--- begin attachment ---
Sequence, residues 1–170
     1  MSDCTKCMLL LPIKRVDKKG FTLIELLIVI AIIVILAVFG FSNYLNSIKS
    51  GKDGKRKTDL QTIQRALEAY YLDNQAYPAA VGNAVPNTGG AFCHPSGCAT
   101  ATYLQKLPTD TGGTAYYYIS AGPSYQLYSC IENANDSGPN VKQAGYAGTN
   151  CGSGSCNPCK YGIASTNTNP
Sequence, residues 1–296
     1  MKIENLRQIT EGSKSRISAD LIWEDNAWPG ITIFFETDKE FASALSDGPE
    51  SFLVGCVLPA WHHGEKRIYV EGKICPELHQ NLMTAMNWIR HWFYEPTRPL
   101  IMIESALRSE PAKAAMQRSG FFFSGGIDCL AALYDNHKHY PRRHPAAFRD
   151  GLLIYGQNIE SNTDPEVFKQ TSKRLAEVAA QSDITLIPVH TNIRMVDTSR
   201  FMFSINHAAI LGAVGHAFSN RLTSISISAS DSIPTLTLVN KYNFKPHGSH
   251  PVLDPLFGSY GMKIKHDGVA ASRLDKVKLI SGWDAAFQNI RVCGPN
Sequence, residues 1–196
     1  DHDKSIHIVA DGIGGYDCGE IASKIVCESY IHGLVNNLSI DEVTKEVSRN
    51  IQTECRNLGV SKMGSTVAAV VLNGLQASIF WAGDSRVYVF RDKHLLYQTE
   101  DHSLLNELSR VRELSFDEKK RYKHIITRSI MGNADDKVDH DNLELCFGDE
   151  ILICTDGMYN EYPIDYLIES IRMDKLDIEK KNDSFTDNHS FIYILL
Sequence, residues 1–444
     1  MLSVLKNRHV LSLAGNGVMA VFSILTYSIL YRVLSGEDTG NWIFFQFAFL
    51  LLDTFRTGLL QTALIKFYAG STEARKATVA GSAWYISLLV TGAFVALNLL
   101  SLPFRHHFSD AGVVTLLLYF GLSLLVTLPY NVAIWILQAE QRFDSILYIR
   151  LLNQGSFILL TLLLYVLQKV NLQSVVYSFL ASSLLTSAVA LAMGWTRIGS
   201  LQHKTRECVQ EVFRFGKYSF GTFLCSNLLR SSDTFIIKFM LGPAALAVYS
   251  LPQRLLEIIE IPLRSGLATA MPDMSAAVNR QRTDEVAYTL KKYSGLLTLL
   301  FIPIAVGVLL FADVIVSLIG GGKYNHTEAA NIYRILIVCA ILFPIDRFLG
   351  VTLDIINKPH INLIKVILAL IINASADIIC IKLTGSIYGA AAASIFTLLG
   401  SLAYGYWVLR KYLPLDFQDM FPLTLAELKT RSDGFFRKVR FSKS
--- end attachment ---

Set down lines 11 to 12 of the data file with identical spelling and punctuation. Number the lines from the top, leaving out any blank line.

   201  FMFSINHAAI LGAVGHAFSN RLTSISISAS DSIPTLTLVN KYNFKPHGSH
   251  PVLDPLFGSY GMKIKHDGVA ASRLDKVKLI SGWDAAFQNI RVCGPN